We’re Surrounded…. By Summer Salads
There are two times of year that I talk a lot about total carbohydrate intake- Thanksgiving and the summer/ picnic season. Don’t get me wrong- I love a good macaroni or potato salad. Here is the usual picnic/ barbecue line up: hot dogs (ON BUNS), hamburgers (ON BUNS), macaroni salad (pasta), potato salad (starchy vegetable), pasta salad (more pasta) and/or baked beans (starchy vegetable often loaded with added sugar). Whoa. This can make you exceed the daily Grain Food Group and daily total carbohydrate recommendations real fast. For most people, based on an 1,800- 2,000 calorie diet; one would only need 6 servings of grains in a day. (Please note: calorie needs depends on many factors). Not only that, but the mayonnaise on these types of salads and the sugar in the baked beans, make these high calorie side dishes.
To start, let’s take a look at what our plate should look like. According to MY Plate a quarter of your plate should be protein, fruit, vegetable and grain. Or another good rule of thumb is to make half your plate non starchy vegetables. So in a world of mayo drenched summer salads, how do we get our veggies? If you are going to a party this summer, you may have to bring your own vegetables (BYOV).
Here are some options: fruit and vegetable platters and trays, tossed salad (with mixed greens and vegetables) or bean and vegetable based salads mixed with oil based vinaigrettes or citrus juices.
I love pasta salad. I would share my recipe with you, but I don’t have one. Here is how I do it. First, I use whole wheat pasta (about half of what most recipes would call for). Then I add vegetables and lots of them (broccoli, carrots, tomatoes, celery and peppers).
Remember these non starchy vegetables are low in calories and high in fiber. They will help you feel full. Maybe add some olives (monounsaturated fat). Definitely add some beans. I usually use chickpeas. Once in a while I add low fat cheddar cheese or maybe even some pepperoni, if I’m feeling crazy. I leave the dressing off the salad, which allows guests to add as much or as little as they would like. Also, this way it does not soak into the pasta adding extra calories.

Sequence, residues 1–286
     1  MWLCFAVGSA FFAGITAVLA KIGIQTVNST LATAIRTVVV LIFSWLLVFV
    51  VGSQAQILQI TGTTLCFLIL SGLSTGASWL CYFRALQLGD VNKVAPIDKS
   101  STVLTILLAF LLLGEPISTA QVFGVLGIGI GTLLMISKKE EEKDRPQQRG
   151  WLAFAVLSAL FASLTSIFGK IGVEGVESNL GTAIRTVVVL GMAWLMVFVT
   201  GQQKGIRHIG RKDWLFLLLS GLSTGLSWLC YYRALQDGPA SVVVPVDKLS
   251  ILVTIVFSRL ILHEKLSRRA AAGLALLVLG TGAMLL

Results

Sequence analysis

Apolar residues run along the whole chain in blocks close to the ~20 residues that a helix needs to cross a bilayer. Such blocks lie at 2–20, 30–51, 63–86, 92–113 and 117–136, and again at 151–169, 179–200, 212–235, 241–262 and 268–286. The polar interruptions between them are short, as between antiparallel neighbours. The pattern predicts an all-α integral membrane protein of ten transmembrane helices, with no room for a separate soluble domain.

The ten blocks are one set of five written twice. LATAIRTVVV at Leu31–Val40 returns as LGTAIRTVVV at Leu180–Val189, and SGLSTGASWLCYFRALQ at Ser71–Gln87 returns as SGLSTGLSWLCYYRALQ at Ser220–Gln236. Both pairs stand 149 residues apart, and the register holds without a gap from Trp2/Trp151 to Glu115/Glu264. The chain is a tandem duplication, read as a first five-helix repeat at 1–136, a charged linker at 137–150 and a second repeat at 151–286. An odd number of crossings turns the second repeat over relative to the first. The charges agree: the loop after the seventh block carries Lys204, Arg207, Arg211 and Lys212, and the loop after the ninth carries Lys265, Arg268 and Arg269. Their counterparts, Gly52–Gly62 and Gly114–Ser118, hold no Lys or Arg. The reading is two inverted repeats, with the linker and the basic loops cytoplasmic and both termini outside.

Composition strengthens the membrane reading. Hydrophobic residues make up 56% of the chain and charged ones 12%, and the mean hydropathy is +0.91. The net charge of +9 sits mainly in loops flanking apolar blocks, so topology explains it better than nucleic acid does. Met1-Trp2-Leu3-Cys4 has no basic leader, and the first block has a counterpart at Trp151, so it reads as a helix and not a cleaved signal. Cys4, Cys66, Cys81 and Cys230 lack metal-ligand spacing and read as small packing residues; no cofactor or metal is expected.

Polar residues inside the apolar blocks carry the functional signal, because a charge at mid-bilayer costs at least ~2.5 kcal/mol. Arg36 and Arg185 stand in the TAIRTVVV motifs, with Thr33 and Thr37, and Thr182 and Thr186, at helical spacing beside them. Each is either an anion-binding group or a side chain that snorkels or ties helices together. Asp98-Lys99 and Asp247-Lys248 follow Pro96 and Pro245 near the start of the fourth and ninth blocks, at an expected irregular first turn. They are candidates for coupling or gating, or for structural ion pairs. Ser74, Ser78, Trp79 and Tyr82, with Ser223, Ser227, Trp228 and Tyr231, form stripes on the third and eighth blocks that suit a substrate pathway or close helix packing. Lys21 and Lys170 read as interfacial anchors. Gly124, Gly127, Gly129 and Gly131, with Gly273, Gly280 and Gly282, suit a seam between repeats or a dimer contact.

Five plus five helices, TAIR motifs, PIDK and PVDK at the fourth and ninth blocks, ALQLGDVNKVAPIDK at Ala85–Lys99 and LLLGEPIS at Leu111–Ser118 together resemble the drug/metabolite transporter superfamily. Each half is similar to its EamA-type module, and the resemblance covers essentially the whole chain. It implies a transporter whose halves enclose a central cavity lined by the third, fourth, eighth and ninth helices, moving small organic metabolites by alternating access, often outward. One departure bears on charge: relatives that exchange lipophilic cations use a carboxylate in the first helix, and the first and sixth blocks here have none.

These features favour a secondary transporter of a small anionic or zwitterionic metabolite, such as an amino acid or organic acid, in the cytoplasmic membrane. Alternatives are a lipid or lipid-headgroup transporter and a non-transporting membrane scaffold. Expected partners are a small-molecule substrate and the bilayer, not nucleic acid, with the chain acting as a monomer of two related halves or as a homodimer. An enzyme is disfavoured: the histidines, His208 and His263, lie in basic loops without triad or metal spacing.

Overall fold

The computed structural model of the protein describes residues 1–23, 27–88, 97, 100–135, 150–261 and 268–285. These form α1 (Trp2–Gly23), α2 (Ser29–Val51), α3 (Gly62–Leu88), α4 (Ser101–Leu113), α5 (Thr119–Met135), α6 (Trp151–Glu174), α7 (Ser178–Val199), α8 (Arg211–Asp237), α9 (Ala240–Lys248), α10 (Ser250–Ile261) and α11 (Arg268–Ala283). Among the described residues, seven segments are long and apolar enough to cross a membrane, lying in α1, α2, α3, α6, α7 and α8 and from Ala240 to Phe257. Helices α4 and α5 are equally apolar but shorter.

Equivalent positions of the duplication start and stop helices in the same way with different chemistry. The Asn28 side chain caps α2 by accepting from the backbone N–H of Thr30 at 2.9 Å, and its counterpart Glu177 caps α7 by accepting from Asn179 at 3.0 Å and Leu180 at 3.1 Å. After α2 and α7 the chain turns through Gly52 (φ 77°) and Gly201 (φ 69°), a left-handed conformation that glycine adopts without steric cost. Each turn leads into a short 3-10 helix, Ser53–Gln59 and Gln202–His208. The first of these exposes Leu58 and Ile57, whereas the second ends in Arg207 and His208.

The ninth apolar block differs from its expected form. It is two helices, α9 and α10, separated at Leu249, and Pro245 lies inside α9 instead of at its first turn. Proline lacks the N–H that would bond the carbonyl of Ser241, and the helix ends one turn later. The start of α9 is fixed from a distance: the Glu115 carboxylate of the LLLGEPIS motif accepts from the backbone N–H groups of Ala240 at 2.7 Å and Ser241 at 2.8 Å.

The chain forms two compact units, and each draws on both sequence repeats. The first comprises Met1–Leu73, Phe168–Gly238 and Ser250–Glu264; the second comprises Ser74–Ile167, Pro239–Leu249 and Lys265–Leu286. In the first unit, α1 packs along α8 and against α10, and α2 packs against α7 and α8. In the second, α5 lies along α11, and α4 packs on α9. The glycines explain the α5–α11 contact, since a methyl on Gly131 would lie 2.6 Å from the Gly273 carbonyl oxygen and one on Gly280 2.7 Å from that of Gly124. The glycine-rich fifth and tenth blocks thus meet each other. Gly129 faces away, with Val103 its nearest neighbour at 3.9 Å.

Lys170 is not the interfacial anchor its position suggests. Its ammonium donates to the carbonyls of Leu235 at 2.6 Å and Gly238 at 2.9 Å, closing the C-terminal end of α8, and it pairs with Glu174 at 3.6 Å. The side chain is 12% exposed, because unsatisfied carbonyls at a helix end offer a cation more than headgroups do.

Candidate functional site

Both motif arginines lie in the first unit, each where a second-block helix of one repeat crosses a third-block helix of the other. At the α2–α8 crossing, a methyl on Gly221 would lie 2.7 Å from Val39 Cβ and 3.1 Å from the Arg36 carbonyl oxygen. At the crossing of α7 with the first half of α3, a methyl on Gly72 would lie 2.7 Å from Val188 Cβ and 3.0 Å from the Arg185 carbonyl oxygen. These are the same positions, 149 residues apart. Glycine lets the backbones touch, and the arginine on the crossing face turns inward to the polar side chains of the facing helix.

Beans are a great way to add fiber and protein to a salad. I am lover of beans. Beans are a very underutilized food. Throughout my practice I have determined that most people don’t think they like beans, but in reality just have never used them (because they don’t know how). Give beans a chance. Memorial Day is around the corner. Check out the recipe below and try a different salad this summer.
White Bean Summer Salad
1 can of Cannellini beans
1 Pint of grape tomatoes, halved
1 1/2 cups of diced cucumbers
¼ cup diced red onion
Cilantro to taste
1 T. olive oil
1 T. lime juice
Salt and Pepper to taste
1. Rinse and drain canned beans
2. Combine first 5 ingredients
3. Combine oil, lime juice, salt and pepper and pour over salad
TIP: Rinsing and draining your canned beans reduces the sodium by 40%. You can also substitute the cannellini beans with great northern beans.